About 35 residents gathered inside the Mullinville Recreation gym last Tuesday evening to discuss and vote on proposed window hours for their local post office. United State Post Office (USPS) Representative Kyle Goodwin addressed concerns and fielded questions from city residents about the reduction of operating hours, expected to take effect next month.

About 35 residents gathered inside the Mullinville Recreation gym last Tuesday evening to discuss and vote on proposed window hours for their local post office. United State Post Office (USPS) Representative Kyle Goodwin addressed concerns and fielded questions from city residents about the reduction of operating hours, expected to take effect next month.

“We are looking at ways to reduce our expenses,” said Goodwin, acting manager of USPS operations for south-central Kansas. “There are a lot of things that we are trying to do. We don’t have the mail volume we used to. Our current financial situation today is not very good.”

The USPS reported a $15.9 billion loss for the 2012 fiscal year. Although that figure includes a $13.5 billion pre-payment for retiree benefits, a congressional-mandated expense not required by other government agencies.

Last week USPS reported a $1.3 billion loss for its first fiscal quarter of 2013, which included the typically mail-heavy holiday season.

“The encouraging results from our holiday mailing season cannot sustain us as we move deeper into the current fiscal year and face continuing financial challenges,” said Patrick Donahoe, U.S. postmaster general and CEO of USPS in a statement. “By moving forward with the accelerated cost-cutting actions directed by our Board of Governors, we will continue to become more efficient and come closer to achieving long-term financial stability.”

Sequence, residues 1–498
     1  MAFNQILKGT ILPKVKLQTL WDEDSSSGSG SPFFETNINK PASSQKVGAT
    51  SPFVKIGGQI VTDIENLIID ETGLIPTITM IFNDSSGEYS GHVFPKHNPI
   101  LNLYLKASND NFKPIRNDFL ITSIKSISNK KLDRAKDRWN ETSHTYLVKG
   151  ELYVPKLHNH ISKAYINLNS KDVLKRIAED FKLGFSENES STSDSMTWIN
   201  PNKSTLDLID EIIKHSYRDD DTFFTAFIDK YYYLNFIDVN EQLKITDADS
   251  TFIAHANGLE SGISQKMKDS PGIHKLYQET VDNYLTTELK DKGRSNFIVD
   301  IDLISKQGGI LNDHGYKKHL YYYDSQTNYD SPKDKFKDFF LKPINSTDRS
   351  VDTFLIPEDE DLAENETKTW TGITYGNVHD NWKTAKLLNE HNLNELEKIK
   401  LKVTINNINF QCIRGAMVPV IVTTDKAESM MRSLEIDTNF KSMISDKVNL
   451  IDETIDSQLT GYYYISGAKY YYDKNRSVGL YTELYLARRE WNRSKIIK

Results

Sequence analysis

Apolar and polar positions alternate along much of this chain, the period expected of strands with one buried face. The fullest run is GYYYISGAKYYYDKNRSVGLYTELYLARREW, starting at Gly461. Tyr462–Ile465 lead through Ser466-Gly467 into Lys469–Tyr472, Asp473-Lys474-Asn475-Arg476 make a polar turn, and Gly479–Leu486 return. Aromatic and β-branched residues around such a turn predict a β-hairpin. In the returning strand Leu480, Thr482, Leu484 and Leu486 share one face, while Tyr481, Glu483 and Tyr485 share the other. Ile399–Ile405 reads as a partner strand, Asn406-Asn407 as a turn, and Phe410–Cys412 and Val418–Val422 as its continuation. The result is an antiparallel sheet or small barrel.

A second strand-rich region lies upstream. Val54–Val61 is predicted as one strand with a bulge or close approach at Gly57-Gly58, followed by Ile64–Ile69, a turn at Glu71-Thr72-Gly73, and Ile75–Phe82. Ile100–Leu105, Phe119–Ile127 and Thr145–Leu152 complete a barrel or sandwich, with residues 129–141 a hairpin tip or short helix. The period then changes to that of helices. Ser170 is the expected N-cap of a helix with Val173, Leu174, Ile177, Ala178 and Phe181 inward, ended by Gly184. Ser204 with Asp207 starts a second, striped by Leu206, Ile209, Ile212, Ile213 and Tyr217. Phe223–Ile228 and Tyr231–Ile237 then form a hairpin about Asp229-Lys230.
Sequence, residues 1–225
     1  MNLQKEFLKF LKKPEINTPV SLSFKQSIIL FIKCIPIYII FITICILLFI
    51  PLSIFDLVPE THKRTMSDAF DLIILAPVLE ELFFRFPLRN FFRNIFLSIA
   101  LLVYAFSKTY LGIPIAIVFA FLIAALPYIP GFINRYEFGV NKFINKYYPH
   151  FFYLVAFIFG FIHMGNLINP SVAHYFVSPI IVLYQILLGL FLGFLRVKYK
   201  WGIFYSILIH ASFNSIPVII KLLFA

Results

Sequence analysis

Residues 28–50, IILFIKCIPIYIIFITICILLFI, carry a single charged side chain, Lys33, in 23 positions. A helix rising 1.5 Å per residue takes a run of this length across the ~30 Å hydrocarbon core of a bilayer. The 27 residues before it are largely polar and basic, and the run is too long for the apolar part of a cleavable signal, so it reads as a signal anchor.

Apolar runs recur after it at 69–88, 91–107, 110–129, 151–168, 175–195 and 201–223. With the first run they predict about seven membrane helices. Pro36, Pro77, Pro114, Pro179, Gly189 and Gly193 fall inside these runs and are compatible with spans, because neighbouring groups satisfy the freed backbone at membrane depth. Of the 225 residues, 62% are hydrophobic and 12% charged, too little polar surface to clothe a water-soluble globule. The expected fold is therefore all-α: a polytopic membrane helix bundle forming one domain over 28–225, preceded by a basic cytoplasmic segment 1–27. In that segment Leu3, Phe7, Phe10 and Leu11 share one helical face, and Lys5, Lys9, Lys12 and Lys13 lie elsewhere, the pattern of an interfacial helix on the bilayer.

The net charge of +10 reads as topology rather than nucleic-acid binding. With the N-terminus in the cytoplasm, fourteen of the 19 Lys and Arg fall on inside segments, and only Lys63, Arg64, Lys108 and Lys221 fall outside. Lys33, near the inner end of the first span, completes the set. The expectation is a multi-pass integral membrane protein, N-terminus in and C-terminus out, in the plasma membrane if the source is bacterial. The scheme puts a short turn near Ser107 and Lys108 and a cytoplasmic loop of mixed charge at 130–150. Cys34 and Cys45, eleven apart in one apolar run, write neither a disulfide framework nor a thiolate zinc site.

An increase in electronic correspondences and a reduction in the use of first-class mail have significantly lowered annual revenue.

Statistics provided by USPS show a 27 percent decrease in customer retail visits from 2005-2011.

In May 2012 USPS officials proposed the POSTplan, an operational realignment that would have closed nearly 3,500 low-performing, mostly rural, post offices across the country.

Overwhelming congressional opposition resulted in an alternative plan to reduce the operating hours of 13,000 post offices nationwide.

The Mullinville post office, serving about 200 residents in the 67109 zip code, was in-line for reduced hours following the relocation of previous postmaster Theresa Darbyshire to Syracuse.

Hours of the Haviland and Greensburg post office will be automatically reduced to 6 hours per day in September 2014, although retirement or relocation of either postmaster would accelerate those changes.

Mullinville residents were sent surveys last month to decide how to proceed with proposed reductions.

Officials sent 201 surveys to area customers and 88 were returned.

Eighty of the surveys wanted a “realignment of hours.” Four wanted a delivery option, one wanted a “nearby post office option” and three were returned without making a selection.

An overwhelming number of residents at the meeting last Tuesday voted for 8 a.m. until noon operating hours.

None of the returned surveys preferred the “village post office” option, which would have relocated the post office into an existing business or governmental office. 

Goodwin, who oversees all post offices in the 670, 671 and 673 postal prefixes, said the new hours would have very little effect on the arrival and delivery of the mail.

Envelopes and parcels in the blue box outside of the post office will be picked up on the same day by 4:30 p.m.

Currently, customers with p.o. boxes can retrieve their mail 24 hours a day in the lobby. The changes would not effect current lobby hours, although window hours for purchasing stamps, picking up or dropping off oversized parcels and purchasing postage would only be available 8 a.m. until noon.  

Weekday home delivery service would continue uninterrupted.

One resident said they would be unable to pick up their mail due to an out-of-town work schedule.

Goodwin acknowledged it was a common issue with many of the 4-hour post offices.